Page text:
• An example setup of a repo that uses the table in its CI can be found in the sls-bdd-python-optimised-ci repo

Parallelising the BDD tests (~15 mins saved in test)

As our service grew over time, so did the length of time the actual tests took to run and so we looked to parallelising these tests.

Parallelisation of any job running on CI can be a quick win, not just for long running integration tests.

Implementing in CircleCI

We were using CircleCI which provides a good toolset to enable parallelisation. The “parallelism” keyword will run the same job on x number of containers.

Note: it will depend on your plan whether this is available to you (see my napkin maths at the top of this article to see if the upgraded plan is worth it to you).

— image: circleci/python:3.7.4-node
parallelism: 10

— run:
name: Run BDD tests
command: ./

CircleCI provides a “tests” command which will deal with ensuring each container runs different tests.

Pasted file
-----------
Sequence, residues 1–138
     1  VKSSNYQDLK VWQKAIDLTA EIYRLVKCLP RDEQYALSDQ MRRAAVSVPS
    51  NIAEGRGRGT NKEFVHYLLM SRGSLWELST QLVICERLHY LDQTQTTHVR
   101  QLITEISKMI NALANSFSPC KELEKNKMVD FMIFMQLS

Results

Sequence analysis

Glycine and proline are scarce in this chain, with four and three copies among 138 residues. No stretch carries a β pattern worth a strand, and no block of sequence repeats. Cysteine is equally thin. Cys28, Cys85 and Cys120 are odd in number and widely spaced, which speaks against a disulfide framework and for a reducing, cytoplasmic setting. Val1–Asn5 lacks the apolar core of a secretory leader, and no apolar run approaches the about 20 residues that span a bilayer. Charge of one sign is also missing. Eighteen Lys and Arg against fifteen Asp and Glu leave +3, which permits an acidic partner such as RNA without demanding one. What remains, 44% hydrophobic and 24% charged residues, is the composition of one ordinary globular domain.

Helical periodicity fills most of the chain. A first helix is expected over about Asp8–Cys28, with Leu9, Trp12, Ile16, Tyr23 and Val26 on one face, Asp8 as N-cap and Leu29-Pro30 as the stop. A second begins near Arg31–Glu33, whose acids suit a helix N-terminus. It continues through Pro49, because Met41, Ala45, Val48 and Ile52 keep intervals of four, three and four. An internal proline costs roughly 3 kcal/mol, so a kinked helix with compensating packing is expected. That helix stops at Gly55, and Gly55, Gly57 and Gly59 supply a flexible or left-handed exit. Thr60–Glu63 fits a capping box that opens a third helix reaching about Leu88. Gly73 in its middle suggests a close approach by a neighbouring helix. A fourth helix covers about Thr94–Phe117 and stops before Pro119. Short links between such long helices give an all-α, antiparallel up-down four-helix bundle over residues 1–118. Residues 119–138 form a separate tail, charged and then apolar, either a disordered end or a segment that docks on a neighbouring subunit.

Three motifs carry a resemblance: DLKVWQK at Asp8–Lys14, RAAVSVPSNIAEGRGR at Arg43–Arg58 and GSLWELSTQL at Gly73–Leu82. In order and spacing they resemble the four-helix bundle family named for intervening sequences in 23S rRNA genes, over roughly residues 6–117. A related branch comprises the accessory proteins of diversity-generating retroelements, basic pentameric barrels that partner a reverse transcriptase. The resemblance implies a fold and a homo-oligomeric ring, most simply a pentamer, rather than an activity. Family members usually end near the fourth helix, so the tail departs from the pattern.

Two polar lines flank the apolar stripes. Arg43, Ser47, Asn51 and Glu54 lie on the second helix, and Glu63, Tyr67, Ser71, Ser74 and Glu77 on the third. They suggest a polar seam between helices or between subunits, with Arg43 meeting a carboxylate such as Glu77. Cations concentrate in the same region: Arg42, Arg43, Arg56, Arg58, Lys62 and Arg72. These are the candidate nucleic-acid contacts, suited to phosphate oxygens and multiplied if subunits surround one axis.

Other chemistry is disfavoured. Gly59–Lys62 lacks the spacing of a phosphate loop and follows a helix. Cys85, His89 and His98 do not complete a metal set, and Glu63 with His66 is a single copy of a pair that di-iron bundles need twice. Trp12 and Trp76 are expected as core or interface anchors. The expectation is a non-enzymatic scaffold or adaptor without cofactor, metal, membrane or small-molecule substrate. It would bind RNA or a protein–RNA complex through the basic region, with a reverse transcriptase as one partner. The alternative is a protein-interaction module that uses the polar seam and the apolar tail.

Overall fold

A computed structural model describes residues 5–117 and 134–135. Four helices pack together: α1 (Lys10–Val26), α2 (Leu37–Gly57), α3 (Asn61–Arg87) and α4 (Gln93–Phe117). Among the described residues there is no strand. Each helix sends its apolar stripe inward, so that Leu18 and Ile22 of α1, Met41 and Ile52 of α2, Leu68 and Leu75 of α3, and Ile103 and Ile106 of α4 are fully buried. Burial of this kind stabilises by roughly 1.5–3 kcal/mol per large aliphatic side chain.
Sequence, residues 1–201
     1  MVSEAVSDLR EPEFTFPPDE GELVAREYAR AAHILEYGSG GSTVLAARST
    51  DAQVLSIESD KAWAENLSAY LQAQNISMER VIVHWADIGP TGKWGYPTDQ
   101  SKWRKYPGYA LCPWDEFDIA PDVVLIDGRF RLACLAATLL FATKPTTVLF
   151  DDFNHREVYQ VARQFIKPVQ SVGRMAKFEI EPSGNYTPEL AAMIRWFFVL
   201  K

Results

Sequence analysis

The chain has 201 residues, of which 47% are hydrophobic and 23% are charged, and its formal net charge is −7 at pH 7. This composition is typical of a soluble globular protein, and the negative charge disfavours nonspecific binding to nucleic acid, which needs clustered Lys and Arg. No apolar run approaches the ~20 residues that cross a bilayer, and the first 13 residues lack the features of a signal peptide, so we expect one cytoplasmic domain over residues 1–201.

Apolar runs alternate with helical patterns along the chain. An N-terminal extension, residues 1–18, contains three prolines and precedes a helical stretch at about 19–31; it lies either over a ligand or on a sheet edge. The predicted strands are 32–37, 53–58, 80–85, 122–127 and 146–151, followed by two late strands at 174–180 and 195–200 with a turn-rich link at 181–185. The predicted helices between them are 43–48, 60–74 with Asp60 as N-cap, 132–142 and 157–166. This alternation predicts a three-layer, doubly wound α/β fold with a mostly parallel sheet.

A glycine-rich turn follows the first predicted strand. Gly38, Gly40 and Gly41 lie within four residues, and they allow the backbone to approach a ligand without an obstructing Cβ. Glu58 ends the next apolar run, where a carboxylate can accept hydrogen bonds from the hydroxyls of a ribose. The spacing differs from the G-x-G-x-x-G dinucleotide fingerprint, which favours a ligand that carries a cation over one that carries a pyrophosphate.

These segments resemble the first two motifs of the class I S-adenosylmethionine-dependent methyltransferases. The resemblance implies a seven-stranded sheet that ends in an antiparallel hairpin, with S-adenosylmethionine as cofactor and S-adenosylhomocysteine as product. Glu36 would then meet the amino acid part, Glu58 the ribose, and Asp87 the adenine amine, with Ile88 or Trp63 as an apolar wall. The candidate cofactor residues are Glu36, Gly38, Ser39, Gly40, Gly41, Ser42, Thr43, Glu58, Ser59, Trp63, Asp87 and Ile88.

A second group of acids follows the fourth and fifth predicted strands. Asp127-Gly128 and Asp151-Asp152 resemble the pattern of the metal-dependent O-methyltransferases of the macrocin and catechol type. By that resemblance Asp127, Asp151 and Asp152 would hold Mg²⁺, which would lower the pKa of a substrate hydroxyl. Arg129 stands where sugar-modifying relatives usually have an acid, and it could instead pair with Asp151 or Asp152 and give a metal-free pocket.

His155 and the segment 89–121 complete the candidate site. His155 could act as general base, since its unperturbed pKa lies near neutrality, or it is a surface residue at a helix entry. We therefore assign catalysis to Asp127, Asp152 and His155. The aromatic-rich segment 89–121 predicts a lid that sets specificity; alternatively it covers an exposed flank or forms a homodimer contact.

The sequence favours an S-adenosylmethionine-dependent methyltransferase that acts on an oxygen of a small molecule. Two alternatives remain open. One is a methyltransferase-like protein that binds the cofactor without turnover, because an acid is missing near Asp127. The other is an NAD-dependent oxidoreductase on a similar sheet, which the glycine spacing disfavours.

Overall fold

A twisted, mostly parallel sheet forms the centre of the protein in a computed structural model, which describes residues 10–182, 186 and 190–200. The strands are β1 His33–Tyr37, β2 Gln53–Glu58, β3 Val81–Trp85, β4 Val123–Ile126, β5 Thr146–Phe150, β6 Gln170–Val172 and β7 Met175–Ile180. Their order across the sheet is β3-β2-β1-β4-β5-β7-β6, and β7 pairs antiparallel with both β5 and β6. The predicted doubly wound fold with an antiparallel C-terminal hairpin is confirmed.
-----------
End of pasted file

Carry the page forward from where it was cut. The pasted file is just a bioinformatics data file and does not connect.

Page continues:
First, it allows you to specify a glob pattern to determine which files are relevant for testing.

There are a number of provided methods for splitting the files among the containers. We chose the “— split-by=filesize” method since file size is generally a good indicator for length of time a BDD test will take.

If you had a “yarn test:bdd” command you can then run the following in your “” script which is run by each container but each one would then run different tests:

circleci tests glob “features/**/*.feature” | circleci tests split — split-by=filesize | yarn test:bdd

In our case we had 10 parallel jobs which would each claim an existing stack, do an update deploy, run 10% of the tests and then release the stack.

Time taken for each parallel container

This cut the deploy and test part of our pipeline from 20 minutes to about 6.


We have cut the time to run tests on our Pull Requests from about 40 minutes to 7 minutes.

If each developer did one backend ticket a day this would save each of them about 15–20 working days a year!

We had an extreme case but in most cases, these two methods can shave valuable minutes off your CI pipeline.

Try them out to see how they help you

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Serverless Tools, Techniques, and Case Studies